There’s no single definition of what comprises a mother-in-law suite. But, in the grandest sense, they are often considered to include a bedroom, bathroom, kitchen (or kitchenette), a living room, as well as an entrance that’s separate from the main house. Sometimes they may be free-standing structures, known as “accessory dwelling units” (ADUs). In other instances, homeowners get creative and simply repurpose a room in the house, basements, attics, or even garages to accommodate their loved ones.

For a variety of reasons, multigenerational living continues to increase in popularity. In fact, in 2016, a record 64 million people, or 20 percent of the U.S. population, lived with multiple generations under one roof, according to the Pew Research Center’s analysis of census data.

Some families choose to buy a home with an in-law suite, or add one to their existing property because it makes financial sense. In other situations in which both parents work full-time outside the home, having built-in babysitters who are ready and willing to lend a hand is a welcome relief.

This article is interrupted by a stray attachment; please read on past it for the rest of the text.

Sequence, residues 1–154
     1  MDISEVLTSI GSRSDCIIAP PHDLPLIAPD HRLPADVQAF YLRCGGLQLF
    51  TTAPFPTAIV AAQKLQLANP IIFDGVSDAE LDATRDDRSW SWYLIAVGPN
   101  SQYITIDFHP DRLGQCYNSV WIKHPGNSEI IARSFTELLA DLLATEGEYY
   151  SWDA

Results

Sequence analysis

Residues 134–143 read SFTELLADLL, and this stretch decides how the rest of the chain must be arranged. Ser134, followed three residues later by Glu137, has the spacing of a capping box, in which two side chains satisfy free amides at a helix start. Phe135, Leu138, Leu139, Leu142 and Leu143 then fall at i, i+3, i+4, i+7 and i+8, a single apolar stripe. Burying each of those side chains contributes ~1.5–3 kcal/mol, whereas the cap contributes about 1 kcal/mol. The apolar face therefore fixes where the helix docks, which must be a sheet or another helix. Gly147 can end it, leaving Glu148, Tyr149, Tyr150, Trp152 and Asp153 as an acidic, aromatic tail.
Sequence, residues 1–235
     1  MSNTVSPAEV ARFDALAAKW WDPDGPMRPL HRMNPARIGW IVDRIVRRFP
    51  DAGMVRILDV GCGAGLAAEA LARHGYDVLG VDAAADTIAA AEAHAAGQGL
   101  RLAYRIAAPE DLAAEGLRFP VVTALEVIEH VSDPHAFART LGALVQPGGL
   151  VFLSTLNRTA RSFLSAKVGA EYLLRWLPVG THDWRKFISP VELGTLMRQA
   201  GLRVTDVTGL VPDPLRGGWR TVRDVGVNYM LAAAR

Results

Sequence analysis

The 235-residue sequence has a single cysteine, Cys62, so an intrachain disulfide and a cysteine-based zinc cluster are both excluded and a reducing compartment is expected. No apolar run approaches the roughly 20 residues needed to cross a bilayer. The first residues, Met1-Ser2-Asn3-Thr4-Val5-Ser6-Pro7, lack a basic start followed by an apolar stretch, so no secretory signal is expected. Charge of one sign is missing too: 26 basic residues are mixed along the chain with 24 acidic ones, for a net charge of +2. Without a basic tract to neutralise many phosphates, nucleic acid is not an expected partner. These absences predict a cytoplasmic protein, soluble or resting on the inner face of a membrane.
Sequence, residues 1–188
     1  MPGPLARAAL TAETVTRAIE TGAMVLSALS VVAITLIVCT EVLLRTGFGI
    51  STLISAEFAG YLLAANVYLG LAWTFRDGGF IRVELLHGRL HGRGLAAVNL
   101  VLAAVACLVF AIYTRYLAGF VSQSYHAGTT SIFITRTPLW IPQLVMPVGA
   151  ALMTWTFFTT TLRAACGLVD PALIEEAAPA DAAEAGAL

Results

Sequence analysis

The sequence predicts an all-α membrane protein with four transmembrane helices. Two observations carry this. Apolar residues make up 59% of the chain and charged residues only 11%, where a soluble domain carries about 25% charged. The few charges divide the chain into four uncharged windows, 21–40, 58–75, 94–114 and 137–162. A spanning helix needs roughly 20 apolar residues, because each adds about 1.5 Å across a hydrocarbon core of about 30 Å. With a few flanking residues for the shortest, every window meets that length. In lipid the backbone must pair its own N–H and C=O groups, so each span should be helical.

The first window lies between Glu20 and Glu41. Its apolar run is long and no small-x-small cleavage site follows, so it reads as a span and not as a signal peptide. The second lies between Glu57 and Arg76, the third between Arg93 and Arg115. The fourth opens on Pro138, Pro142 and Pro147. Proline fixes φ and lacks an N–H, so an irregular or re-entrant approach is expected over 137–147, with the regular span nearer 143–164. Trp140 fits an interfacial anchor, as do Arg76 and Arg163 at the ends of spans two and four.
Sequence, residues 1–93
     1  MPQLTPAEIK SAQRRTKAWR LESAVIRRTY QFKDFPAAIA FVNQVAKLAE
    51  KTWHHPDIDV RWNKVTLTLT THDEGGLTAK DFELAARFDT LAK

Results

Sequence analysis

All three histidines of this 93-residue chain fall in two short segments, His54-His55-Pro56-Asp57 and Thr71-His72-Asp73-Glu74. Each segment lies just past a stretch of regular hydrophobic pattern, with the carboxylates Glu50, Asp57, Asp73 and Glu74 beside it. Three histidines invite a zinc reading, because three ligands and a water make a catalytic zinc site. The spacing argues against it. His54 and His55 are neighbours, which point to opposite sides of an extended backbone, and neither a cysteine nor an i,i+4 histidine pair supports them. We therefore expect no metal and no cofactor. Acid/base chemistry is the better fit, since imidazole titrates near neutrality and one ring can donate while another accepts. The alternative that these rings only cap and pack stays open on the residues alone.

That said, blending generations isn’t always easy, especially after years of both parties living independently.

Whether you’re overjoyed or not-so-secretly seething at the thought of your mother or mother-in-law becoming a permanent fixture on your property, there are certain things you’ll want to consider.

Here are four questions to consider before moving in with your in-law.

1. Can everyone coexist peacefully?

It’s one thing to visit with your in-laws during the holidays, it’s another to see them 24/7. No one wants to watch the phrase “Familiarity breeds contempt” come to life in their own home. Still, you don’t need to be a family therapist to know that too much togetherness can quickly lead to trouble.

Chances are you’re accustomed to having your privacy, as is your mother-in-law. A separate entrance, kitchenette, and soundproofing can go a long way toward establishing boundaries that will ensure your relationship survives your new roommate status. But will these be enough to allow for harmonious living?